Things are so much simpler when you’re younger. You don’t have to think about paying bills or making appointments; even relationships are easier. When you live in the same home as your family, you see them every day, making it easy to keep up those relationships. Likewise, all of your friends go to the same school or live in your neighborhood. Having this frequent interaction maintains those friendships.
However, for many of us, growing up goes hand in hand with changing relationships. You move, sometimes many miles – or even time zones – away. As your life becomes busier and busier with work, chores, and romantic relationships, it can leave little time for those friends and family members who were once so close. As the old saying goes, out of sight, out of mind. Of course, we don’t mean to fall off the map or distance ourselves. But as life gets busier and we live farther apart, it will take a little extra work to keep those relationships strong.
Consider the Sims: If you don’t talk to Person A for enough days, that relationship score goes down. You have to make the time to spend a few hours with your family and friends – or at least call them – in order to maintain a healthy relationship score. The same goes for real life.
After I finished college and moved out to live with my boyfriend, my relationship with my mom grew distant. In contrast to the weekly video chats and daily emails we sent during my final year of college, our communication dwindled down to only the rare call here and there. For a while I would reach out, but it got to the point where I was tired of always being the one to call first. We used to be close, and I would take her to concerts with me on an almost monthly basis, but now it seemed we no longer had much to say or do together. Our lives became busy, and we simply didn’t make time for each other.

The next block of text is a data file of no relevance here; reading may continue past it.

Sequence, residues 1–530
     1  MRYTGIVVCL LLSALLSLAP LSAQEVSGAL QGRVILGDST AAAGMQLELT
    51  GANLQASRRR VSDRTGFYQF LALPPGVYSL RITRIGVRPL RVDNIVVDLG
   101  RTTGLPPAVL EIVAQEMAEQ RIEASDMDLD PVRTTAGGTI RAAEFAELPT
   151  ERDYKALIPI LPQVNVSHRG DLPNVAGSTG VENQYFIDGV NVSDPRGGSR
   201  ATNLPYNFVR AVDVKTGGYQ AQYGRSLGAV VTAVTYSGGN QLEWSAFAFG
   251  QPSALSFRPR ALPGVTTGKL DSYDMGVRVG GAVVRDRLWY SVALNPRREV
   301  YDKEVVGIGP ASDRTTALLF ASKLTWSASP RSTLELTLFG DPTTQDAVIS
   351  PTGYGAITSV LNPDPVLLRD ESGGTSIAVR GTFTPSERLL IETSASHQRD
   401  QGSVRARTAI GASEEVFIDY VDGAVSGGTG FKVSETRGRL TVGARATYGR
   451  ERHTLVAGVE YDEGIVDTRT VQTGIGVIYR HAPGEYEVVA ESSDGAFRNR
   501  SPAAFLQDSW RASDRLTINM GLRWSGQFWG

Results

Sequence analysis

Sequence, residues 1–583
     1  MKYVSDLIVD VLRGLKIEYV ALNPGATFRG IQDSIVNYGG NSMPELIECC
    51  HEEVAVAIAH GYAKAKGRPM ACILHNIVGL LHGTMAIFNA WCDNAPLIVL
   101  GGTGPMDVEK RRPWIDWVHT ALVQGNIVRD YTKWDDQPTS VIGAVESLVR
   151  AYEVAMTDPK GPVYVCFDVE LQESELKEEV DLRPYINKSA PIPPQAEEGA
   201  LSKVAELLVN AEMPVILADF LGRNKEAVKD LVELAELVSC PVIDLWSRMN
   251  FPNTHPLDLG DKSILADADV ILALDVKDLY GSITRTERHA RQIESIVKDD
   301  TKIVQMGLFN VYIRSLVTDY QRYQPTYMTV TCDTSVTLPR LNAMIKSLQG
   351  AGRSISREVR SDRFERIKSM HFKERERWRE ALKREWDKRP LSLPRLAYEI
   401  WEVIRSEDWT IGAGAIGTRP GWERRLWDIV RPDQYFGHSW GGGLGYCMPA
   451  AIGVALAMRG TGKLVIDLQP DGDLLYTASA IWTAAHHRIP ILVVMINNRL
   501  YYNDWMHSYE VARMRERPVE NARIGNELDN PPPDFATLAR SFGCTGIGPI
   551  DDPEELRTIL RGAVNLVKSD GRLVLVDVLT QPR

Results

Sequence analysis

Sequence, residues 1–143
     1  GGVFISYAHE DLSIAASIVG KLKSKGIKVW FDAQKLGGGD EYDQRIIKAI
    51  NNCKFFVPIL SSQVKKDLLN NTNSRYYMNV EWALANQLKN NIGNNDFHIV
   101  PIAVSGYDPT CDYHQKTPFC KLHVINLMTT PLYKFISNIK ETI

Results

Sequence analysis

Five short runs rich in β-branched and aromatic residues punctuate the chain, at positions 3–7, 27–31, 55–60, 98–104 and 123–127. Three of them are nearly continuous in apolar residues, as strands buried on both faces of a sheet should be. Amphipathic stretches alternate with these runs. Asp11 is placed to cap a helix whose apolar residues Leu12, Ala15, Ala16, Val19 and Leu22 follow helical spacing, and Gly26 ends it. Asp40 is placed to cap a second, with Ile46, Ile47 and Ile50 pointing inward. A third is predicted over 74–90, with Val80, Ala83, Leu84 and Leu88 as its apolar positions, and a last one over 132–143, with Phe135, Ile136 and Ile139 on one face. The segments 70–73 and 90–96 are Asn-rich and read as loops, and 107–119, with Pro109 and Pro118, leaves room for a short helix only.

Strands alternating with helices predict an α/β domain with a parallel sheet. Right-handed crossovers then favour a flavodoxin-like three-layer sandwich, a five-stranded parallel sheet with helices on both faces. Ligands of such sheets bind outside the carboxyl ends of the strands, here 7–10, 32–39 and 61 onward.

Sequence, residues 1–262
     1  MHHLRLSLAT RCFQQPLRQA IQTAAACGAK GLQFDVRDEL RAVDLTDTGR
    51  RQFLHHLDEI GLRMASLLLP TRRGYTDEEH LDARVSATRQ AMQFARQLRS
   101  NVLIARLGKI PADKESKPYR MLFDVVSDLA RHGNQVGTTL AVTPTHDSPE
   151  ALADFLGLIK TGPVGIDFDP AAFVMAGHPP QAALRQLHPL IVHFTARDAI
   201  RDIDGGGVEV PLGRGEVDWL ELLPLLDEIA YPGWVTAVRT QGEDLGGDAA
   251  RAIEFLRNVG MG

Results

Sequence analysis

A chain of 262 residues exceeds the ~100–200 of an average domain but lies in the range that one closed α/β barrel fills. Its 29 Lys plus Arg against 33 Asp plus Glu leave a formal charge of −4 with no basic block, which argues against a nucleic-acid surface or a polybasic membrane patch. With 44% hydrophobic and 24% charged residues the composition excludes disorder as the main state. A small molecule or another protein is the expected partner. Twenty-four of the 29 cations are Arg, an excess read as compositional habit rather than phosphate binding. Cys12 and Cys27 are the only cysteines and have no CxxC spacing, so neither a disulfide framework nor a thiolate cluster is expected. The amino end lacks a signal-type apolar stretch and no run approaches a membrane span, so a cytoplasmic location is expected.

Sometimes we don’t notice our relationships slipping apart until the gap has become too big. Other times, we are aware of the little changes taking hold each week. For better or worse, relationships can change a lot as we grow into adulthood. How do adult children act around their parents? What do we say to each other; how do we spend time together? Likewise, friendships also undergo major changes during our 20s. As our lives move in different directions, we may find we don’t have as much in common as we once did.
What do we do when the relationships that matter to us are growing ever distant?
Recovering the Bond
After a few difficult years of distance between my mom and me, I decided something had to change. First, I followed my sister’s lead in calling my mom more often. Setting aside my irritation that she rarely calls me first, I realized that it’s not that hard to pick up the phone every now and then, and we both feel better after having an impromptu conversation. Often, my mom had a lot to say. She’d simply been waiting for me to call. I keep reminding her she can call me, too.
Second, I’ve invited her out to spend mother-daughter time like we used to. Last spring, she went to the symphony with me to enjoy an evening of classic Italian compositions. Over the holidays, my sister, mother, and I all went to the mall – just like the good old days when we all lived under the same roof.